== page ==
Jeff Bezos' rocket company Blue Origin launched its fourth crewed New Shepard flight Thursday, a 10-minute thrill ride to the edge of space carrying the spacecraft's chief designer and five entrepreneur/adventurers, including a husband and wife who shared an emotional kiss on the high frontier.
Running two days late because of high winds at the company's West Texas launch site, the stubby New Shepard rocket's hydrogen-fueled main engine roared to life at 9:58 a.m. EDT, throttled up to full thrust and boosted the spacecraft away atop a jet of flaming exhaust.
Gary Lai, one of Blue Origin's first employees and the architect of the New Shepard program, was added to the crew in place of comedianafter a launch delay and schedule conflict forced the "Saturday Night Live" star to withdraw.
Joining Lai for the sub-orbital flight were philanthropists and space enthusiasts Marc and Sharon Hagle; University of North Carolina professor and world traveler Jim Kitchen; George Nield, president of Commercial Space Technologies and a former manager with NASA and the FAA; and "angel investor" Marty Allen.
An in-cabin video released after the flight showed the crew cavorting in weightlessness, marveling at the view while the Hagles took a moment to share a heartfelt hug and kiss.
"Oh, my gosh, it was amazing," she said of the flight. "I can't wait to get home and share it with all the kids."
"When the engine ignited, my energy level just exploded," her husband said. "And then when you get to outer space and you start seeing the blue marble, as everybody describes it, in the black of space, there's no way of describing it. Our grandkids have asked us about it ... and it's just hard to describe." ,
"And it was great having a partner with you!" Sharon Hagle said.
Despite a few unexplained holds in the countdown that held up launch by more than 45 minutes, it appeared to be smooth sailing Thursday as the reusable rocket and crew capsule raced straight up into a clear blue sky.
The computer-controlled New Shepard separated from its booster at an altitude of about 45 miles and continued coasting upward, reaching an altitude of nearly 66 miles, four miles higher than the internationally recognized "boundary" between the discernible atmosphere and space.
Weightless after booster separation, the passengers were able to unstrap and float about the cabin for three to four minutes as they arced over the top of the trajectory.
Theis equipped with the largest windows of any operational spacecraft in the world, giving the crew spectacular hemispheric views of the Earth below and the deep black of space above as it reached the top of its trajectory and began the long plunge back to the launch site.
"Let me tell you, that was an out-of-body experience," Kitchen said after landing. "You're going 2,300 miles an hour, and you feel every bit of that. And then (you get to the top) and time stops. ... You see this beautiful Earth and the blackness of the Universe, and it's the blackest black I have ever seen, it is just breathtaking. And wow, that was a moment. That was a moment."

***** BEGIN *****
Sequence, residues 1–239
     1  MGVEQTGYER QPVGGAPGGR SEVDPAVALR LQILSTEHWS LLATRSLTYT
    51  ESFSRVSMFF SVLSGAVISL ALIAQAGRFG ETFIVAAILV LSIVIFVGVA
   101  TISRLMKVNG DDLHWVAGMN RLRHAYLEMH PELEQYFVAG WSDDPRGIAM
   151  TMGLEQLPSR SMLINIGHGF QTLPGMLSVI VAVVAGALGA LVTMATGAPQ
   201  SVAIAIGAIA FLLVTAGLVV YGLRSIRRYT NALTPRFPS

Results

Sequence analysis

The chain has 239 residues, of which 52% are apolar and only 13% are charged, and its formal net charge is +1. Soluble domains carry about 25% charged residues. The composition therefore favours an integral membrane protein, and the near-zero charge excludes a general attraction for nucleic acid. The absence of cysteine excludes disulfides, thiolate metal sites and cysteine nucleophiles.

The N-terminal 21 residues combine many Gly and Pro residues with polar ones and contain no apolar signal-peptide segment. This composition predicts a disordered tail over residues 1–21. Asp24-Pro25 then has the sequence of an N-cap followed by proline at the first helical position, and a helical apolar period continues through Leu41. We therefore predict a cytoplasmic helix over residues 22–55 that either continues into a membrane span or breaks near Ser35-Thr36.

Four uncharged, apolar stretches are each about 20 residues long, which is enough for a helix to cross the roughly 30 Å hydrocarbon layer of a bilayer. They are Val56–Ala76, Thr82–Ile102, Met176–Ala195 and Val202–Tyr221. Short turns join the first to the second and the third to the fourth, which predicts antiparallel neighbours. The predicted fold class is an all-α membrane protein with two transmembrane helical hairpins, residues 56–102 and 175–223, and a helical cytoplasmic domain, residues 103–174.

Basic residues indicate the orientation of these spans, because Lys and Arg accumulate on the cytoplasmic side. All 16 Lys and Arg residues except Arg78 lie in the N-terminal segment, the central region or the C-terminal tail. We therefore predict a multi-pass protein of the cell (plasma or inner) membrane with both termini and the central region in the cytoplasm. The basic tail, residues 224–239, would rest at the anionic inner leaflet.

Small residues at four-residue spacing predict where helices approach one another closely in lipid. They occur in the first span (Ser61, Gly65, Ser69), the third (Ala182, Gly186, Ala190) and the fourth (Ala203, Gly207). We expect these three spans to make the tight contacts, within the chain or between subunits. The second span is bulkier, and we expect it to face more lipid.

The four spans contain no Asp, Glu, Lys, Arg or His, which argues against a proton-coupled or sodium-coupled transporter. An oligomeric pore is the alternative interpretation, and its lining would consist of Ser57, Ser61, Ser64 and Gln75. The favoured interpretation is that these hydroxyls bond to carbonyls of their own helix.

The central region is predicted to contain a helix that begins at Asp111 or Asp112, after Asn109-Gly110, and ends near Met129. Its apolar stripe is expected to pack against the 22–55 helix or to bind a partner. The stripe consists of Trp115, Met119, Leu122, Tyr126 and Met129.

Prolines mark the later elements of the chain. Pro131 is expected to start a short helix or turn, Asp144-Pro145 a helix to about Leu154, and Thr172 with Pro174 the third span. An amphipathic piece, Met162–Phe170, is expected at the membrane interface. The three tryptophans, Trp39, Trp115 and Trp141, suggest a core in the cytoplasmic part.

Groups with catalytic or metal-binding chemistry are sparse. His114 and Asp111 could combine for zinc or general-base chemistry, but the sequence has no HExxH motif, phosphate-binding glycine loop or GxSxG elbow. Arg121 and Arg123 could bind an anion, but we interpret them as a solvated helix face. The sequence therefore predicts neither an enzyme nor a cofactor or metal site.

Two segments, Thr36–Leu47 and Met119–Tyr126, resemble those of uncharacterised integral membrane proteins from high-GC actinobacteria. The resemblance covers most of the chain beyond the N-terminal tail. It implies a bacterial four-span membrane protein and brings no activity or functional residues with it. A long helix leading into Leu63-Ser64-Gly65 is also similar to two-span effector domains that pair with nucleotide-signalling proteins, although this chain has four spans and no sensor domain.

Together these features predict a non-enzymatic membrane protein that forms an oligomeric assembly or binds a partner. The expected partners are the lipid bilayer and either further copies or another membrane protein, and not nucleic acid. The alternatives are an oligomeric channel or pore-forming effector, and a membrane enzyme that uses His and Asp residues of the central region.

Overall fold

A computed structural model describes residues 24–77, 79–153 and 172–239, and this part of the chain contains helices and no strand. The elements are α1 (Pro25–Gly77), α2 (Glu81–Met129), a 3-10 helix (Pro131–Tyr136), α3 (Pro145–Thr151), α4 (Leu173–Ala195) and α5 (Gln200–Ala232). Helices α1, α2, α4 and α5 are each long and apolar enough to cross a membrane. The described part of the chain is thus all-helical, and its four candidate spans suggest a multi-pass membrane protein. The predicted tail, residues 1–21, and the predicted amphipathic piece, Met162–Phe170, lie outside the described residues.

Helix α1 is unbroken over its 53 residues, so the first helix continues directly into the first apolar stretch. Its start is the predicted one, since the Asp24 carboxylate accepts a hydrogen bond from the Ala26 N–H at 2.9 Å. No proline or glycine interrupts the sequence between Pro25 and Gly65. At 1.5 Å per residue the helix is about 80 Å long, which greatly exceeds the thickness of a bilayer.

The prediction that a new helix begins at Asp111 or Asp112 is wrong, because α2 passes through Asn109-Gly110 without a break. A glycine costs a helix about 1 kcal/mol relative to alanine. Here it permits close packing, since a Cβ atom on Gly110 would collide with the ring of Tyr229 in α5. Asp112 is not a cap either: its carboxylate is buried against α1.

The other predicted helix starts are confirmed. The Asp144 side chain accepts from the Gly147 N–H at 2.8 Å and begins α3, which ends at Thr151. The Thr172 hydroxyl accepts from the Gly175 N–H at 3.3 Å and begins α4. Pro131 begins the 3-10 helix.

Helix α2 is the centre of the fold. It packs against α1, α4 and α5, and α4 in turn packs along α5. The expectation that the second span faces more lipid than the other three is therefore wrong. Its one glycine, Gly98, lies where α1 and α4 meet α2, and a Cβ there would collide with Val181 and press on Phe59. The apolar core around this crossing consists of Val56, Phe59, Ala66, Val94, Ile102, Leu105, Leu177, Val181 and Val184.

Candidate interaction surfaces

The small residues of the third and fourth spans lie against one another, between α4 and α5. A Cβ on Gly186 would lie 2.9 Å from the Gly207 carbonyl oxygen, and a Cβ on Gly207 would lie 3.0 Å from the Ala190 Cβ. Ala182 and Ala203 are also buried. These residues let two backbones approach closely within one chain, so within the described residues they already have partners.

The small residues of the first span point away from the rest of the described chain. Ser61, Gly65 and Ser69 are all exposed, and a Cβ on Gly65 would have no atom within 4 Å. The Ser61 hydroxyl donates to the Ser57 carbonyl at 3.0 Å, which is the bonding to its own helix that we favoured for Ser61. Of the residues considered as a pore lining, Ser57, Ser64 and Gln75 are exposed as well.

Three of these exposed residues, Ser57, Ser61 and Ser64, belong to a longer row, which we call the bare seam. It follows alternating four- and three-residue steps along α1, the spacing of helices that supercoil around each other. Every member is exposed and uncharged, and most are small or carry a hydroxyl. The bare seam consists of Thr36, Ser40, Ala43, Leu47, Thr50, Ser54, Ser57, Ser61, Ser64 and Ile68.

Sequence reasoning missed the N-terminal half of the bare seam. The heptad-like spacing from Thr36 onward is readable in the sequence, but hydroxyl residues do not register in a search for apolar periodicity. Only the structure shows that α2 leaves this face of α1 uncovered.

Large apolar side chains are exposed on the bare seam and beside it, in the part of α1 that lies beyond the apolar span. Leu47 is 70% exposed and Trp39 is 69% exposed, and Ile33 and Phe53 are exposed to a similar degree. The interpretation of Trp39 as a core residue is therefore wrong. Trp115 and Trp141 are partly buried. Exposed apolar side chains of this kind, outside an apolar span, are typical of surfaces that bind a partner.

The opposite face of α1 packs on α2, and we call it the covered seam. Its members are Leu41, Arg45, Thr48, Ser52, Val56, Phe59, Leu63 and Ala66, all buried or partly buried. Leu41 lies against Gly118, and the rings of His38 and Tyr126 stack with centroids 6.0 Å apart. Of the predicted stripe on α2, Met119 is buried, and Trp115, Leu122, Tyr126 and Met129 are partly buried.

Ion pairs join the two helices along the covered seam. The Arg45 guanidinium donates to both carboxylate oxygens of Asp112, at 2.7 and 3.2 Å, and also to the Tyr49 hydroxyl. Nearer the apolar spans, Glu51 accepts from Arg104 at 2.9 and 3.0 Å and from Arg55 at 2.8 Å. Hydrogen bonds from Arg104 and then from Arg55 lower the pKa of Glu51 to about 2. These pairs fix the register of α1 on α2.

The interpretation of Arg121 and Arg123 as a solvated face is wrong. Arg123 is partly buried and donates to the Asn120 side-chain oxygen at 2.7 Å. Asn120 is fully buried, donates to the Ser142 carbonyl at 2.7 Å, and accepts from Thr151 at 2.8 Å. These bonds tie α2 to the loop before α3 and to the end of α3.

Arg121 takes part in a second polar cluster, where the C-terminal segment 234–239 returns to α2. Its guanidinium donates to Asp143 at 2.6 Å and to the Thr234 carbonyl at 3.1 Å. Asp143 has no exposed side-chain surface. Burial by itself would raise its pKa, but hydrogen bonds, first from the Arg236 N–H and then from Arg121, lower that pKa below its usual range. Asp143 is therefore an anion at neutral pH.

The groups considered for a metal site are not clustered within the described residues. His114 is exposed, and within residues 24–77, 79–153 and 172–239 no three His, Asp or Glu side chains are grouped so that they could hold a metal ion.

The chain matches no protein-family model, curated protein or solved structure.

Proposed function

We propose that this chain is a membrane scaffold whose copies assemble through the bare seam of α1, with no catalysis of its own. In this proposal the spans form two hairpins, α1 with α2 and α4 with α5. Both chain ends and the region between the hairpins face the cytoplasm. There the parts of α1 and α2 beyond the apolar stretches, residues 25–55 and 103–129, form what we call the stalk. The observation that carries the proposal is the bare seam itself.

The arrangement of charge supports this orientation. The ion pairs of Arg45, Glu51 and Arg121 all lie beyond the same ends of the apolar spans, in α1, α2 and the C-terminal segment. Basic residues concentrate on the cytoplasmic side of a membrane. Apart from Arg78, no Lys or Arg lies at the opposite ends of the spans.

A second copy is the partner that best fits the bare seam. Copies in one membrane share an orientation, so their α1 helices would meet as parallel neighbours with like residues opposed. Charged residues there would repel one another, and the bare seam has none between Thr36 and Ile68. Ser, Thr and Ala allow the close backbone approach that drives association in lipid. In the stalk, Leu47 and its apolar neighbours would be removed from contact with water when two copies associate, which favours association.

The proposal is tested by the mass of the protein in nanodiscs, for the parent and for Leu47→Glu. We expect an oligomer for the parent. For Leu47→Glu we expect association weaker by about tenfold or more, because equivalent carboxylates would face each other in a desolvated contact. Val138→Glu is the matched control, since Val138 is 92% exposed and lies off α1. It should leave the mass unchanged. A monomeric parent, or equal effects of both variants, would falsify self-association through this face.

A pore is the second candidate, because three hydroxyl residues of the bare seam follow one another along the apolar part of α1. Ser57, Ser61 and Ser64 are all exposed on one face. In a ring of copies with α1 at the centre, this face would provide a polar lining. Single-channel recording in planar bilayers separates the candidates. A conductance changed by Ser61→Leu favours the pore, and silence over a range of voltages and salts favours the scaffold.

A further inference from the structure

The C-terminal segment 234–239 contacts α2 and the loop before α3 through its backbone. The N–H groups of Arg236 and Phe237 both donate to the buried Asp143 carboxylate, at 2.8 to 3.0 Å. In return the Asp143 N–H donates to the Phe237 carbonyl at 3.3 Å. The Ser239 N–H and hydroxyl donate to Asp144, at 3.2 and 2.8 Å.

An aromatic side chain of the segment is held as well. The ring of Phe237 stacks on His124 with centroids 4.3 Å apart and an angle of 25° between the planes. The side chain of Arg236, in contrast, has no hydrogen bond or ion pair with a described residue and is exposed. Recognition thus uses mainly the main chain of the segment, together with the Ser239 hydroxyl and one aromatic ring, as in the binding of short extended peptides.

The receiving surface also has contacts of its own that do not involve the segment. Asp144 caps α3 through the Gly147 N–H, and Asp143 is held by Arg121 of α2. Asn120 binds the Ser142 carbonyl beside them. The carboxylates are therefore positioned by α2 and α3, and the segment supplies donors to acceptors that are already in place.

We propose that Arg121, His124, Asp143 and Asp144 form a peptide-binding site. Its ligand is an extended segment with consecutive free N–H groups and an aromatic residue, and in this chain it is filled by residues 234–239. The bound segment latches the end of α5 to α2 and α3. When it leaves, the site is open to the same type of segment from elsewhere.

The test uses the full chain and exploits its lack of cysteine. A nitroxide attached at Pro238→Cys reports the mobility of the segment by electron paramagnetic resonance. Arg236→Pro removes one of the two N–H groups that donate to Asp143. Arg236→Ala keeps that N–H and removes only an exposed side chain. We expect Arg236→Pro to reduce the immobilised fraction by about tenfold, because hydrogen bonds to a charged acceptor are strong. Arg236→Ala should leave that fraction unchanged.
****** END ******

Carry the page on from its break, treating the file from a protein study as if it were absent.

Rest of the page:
The booster followed a similar trajectory as the capsule, maintaining its tail-down orientation as it homed in on its landing pad two miles from where it took off. Nearing the ground, the rocket's BE-3 main engine re-ignited, four landing legs deployed and the booster settled to touchdown in a cloud of dust.
The crew capsule followed two minutes later, descending under three large parachutes to a walking-pace landing cushioned by powerful air jets an instant before touchdown at 10:08 a.m. EDT. Mission duration: 10 minutes and four seconds.
The launching marked Blue Origin's 20th New Shepard flight, its fourth with passengers on board and the 24th non-government commercial spaceflight overall.
Before the first crewed launch of a New Shepard, Lai described the spacecraft as "the safest human spaceflight vehicle ever designed or built or operated."
"We are going to ramp up operations," Lai told CBS News at the time. "We're going to have dozens and eventually hundreds and thousands of astronauts, we hope, fly on New Shepard."
As for how reality matched his expectations?
"It was more intense than I thought it would be," he said. "I've obviously been thinking about what this experience would be like for our astronauts and to experience myself was a joy. It was 10 times more intense than I thought it would be, or anything that I've ever experienced in my life, physically, mentally, emotionally."
Thursday's flight was Blue Origin's first without one or more celebrities on board.
Jeff Bezos, his brother Mark and aviation pioneer Wally Funk were on board forlast July 20; of "Star Trek" fame was aboard for the second launch October 13; and TV personality Michael Strahan and Laura Shepard Churchley, daughter of astronaut Alan Shepard, were on December 11.
Davidson, like Strahan, Churchley and Shatner before him, was invited to fly in what amounted to savvy marketing guaranteed to generate widespread media coverage in a high-stakes competition between Blue Origin and Virgin Galactic, owned by fellow billionaire and master marketeer Richard Branson.
Virgin has launched four piloted flights of its winged spaceplane VSS Unity, most recently sending up Branson, two pilots and three company crewmates last July 11. Commercial operations are expected to start later this year.